Top 10 Innovative Brands 2014: #8 Sonos

The wireless speaker company delivers compelling experiential content with permanent and pop-up activations in United States and beyond.

By Alesandra Dubin June 17, 2014, 7:05 AM EDT

Acrylic furniture embedded with LEDs lit up and pulsed to beat at the Play:1 launch in New York.

Photo: Elisabeth Caren

Although the wireless speaker and component company is privately held—and thus guarded about sharing its financial details—­Sonos announced its revenue nearly doubled to $535 million in 2013. ­Behind the brand’s success, in part, is strategic experiential marketing.

Sonos is so committed to letting consumers experience its products in organic settings that it set up a permanent, acoustically tricked-out space exclusively dedicated to that goal. The Sonos Studio in Los Angeles opened in 2012 and hosts about 30 events annually, courting guests including ­media folks, influencers, and consumers for performances, premieres, ­listening parties, and artist collaborations.

“Creating a compelling event that showcases music, art, and technology is a key part of how we connect with music lovers globally,” says Sonos senior PR manager Eric Nielsen, who confirmed that experiential marketing is a “significant part of marketing spend.”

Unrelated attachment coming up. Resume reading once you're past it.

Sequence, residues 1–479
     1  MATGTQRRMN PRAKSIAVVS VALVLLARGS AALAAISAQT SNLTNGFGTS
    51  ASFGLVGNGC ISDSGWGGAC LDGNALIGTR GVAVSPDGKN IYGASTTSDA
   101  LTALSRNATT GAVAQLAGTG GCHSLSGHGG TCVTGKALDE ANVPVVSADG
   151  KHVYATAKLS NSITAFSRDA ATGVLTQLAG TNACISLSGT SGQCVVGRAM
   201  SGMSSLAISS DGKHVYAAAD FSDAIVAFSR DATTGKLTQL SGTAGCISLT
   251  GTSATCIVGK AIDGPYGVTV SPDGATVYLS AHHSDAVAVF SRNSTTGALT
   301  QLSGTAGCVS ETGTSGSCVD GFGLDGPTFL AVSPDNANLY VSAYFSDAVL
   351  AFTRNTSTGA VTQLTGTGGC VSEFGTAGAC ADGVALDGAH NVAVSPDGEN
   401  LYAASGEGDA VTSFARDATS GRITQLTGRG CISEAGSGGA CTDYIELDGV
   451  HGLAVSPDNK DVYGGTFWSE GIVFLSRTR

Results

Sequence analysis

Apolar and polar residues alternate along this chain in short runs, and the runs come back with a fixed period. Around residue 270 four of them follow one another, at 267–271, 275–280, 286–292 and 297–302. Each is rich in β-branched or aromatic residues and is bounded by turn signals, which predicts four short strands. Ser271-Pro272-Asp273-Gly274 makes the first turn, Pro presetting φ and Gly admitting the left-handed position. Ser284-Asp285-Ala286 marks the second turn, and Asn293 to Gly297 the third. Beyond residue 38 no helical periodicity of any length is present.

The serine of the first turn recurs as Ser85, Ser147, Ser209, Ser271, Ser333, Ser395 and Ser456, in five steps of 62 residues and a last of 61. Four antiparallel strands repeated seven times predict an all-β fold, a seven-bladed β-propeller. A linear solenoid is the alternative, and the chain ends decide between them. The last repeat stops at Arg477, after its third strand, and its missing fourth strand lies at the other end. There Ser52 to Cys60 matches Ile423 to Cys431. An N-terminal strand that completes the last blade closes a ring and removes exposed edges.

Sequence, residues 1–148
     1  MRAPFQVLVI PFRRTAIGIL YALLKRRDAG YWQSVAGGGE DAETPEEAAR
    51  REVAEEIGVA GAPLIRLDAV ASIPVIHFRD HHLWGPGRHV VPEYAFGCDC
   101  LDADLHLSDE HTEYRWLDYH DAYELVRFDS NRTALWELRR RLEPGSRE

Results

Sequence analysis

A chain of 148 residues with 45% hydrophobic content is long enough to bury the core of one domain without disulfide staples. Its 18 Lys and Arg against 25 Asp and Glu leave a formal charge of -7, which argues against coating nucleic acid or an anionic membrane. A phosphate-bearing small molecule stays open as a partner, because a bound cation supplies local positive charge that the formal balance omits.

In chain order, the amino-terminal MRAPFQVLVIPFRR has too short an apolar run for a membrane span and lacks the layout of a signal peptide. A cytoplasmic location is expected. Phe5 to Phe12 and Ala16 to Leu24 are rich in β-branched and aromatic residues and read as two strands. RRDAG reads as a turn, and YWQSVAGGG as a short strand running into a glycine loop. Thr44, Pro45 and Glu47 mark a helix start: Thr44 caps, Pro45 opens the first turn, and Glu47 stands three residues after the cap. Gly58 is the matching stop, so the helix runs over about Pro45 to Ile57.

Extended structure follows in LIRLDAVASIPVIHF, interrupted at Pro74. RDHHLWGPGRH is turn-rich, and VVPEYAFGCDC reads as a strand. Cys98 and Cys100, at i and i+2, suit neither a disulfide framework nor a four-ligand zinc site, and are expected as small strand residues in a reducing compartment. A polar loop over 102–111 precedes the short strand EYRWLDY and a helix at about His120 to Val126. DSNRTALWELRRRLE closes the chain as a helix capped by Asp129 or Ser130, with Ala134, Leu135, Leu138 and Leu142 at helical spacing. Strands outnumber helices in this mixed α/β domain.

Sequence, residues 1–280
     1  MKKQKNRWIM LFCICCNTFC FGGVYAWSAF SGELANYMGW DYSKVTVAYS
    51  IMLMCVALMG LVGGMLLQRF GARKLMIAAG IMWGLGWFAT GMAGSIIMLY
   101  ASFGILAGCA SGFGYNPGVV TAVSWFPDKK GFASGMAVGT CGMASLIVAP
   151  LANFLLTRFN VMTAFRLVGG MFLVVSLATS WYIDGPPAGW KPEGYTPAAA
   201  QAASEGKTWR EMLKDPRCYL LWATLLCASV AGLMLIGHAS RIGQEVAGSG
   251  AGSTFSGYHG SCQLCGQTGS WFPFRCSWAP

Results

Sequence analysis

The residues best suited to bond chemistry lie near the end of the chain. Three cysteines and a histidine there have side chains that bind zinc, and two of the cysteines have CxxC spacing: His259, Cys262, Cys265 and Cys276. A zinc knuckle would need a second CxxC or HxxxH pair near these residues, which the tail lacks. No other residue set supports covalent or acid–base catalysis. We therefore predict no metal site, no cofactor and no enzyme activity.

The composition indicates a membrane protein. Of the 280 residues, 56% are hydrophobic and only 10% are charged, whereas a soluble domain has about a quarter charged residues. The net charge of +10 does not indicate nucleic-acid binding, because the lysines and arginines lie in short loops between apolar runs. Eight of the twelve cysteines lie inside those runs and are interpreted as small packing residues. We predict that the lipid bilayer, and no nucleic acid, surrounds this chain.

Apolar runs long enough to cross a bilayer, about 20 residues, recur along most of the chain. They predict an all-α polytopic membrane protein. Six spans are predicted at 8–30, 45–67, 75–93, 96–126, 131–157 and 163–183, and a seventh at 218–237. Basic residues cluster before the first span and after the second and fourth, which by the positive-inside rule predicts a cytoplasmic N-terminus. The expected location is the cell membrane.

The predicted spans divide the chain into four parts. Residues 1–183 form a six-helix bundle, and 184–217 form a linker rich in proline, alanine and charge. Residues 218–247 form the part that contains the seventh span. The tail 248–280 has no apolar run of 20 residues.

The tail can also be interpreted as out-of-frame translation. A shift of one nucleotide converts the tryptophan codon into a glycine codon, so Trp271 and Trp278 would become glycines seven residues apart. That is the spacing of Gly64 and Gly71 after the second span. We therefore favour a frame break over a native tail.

As a result of the studio concept’s success, the brand plans to launch another permanent setup in London this fall. Sonos has also taken the experience on the road in pop-up form.

For the global launch of its new Play:1 sound system in New York last October, the brand built an immersive installation inside a loft. Over two days, four stylized, all-white rooms—each equipped with a tablet linked to the Play:1 app—allowed guests to pick songs, which the installation’s technology analyzed to wash the room in corresponding colors.

At SXSW in 2013, Sonos took over an Austin, Texas property with two houses, a ­courtyard, and a shed. Equipped with projectors, a Microsoft Xbox Kinect, and the Sonos Playbar, the shed invited visitors to select a song that would then be translated into light and color. Inside a house, attendees could ­create their own speakers out of cardboard boxes and real Sonos drivers.

“Someone can tell you [a product is] cool, but that magic doesn’t happen until you can experience it yourself,” says Sonos senior marketing manager of culture Ivan Entchevitch. “We want people to come away and learn something they didn’t know before. You see people come in and just lose themselves like kids.”

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